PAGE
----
[ IPCC keeps peddling pet projects pushed by polluters ]

The IPCC keeps downplaying the potential for a huge temperature rise

The IPCC keeps downplaying developments that could lead to a huge temperature rise. Such developments include:

• Rising greenhouse levels due to more emissions by people and collapse of the biosphere, and due to more emissions from forest, peatlands and waste fires;

• Collapse of the cryosphere, including decline of permafrost, glaciers and sea ice loss and latent heat buffer loss resulting in more clouds over the Arctic, more ocean heat moving into the Arctic Ocean and associated seafloor methane releases;

• Loss of cloud reflectivity and the potential for CO₂e levels to cross the clouds tipping point;

• Loss of the aerosol masking effect;

• More water vapor in the atmosphere in line with rising temperatures and as a result from loss of sea ice.

Altogether, these developments have the potential to raise the temperature by 18.44°C from pre-industrial, as discussed at the extinction page

One of the most harmful ways in which the IPCC has been downplaying the potential for temperatures to rise is by using a too low Global Warming Potential (GWP) for methane. 

This is illustrated by the image on the right, from an earlier post. In the IPCC special report Climate Change and Land a GWP for methane is used of 28 over 100 years to assess the impact of AFOLU (agriculture, forestry, and other land use) versus the impact of fossil fuel, etc. The image illustrates the difference in impact when a GWP for methane of 171 over a few years is used instead.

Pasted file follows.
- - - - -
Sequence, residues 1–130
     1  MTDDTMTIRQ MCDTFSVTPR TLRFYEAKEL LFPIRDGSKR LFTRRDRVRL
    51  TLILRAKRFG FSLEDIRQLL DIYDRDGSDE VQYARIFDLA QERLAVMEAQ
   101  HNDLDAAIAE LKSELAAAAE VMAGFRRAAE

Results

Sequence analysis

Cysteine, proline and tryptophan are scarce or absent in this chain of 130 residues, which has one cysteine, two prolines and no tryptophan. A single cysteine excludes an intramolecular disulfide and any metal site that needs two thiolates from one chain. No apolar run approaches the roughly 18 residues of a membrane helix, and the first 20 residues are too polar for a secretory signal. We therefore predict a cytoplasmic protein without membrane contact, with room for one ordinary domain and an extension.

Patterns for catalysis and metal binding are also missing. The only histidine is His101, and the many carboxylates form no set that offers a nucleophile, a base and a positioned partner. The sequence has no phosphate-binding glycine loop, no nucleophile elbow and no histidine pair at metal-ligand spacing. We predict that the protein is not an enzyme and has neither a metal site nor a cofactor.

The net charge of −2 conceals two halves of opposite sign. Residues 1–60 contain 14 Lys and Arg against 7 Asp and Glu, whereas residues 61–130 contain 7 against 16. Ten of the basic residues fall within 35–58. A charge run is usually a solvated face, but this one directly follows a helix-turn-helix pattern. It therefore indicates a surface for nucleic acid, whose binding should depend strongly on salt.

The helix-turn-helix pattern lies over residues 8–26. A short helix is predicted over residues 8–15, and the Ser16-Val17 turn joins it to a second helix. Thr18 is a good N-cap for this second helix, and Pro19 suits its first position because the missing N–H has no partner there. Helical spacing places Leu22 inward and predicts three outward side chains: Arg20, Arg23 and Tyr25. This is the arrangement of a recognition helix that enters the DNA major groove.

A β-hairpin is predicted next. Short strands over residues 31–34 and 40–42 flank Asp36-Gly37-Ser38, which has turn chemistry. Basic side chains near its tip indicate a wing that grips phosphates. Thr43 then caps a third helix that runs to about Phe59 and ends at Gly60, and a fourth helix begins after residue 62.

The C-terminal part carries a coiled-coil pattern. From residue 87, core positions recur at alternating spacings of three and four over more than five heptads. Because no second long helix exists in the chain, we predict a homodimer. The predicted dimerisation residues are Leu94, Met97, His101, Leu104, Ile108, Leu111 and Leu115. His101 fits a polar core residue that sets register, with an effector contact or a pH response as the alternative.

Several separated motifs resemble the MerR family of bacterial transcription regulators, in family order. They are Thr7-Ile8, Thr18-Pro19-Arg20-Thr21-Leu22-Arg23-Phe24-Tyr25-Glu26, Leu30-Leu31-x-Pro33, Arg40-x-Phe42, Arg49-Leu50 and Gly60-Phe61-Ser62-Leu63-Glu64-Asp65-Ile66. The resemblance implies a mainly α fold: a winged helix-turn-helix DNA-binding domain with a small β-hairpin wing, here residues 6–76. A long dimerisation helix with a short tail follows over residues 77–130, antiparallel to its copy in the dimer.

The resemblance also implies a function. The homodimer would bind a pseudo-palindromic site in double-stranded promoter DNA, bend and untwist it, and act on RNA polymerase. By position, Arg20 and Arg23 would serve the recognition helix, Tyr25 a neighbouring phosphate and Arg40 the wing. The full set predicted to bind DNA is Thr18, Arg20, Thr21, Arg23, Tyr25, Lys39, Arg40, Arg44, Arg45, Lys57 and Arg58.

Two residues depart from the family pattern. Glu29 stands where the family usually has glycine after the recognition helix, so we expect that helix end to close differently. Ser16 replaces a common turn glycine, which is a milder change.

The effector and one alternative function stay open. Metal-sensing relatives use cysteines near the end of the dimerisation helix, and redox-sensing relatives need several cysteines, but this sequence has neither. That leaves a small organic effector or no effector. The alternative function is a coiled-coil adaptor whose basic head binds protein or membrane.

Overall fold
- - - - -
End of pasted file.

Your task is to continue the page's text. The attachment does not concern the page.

The IPCC seeks to justify its use of a GWP of 28 by focusing on a pulse of methane over 100 years. The impact of such a pulse declines over the years, since the lifetime of methane is only 11.8 years. However, using a pulse to calculate the impact of the total methane in the atmosphere isn't appropriate, because methane doesn't just disappear, but is constantly replenished, or rather is more than replenished, as illustrated by the image further below. Because of this and because of the potentially huge temperature rise within a few years, it makes more sense to calculate the impact of methane over a short period. Over one year, methane's GWP is 200, as discussed at this page. A GWP of 200 is used in the image below (right axis). 

[ from earlier post ]
Very threatening is a rise in methane that kept following the trend depicted in the above image, created with WMO 2015-2021 global annual surface mean methane abundances, with an added trend that points at a potential mean global abundance of methane of more than 700 ppm (parts per million) CO₂e by the end of 2026. The image warns that, if such a trend kept continuing, the clouds tipping point could be crossed as a result of the forcing of methane alone.
The above NOAA image shows a methane monthly average for November 2022 of more than 1950 parts per billion (ppb) at Mauna Loa, Hawaii.  


The situation is dire and the right thing to do now is to help avoid or delay the worst from happening, through action as described in the Climate Plan and at the recent post Transforming Society.


• Global Carbon Project - Global Carbon Budget 2022

• The upcoming El Nino and further events and developments (2022)

• Arctic Methane Monster (2013)

• The Clouds Feedback and the Clouds Tipping Point

• Methane levels threaten to skyrocket (2014)

• Pre-industrial

• Sunspots

• Extinction

• NOAA - Global Monitoring Laboratory

• Methane Keeps rising

• When will we die?

• IPCC - Special Report on Climate Change and Land

• Climate change: No ‘credible pathway’ to 1.5C limit, UNEP warns

• Human Extinction by 2025?

• Climate Plan

• Transforming Society (2022)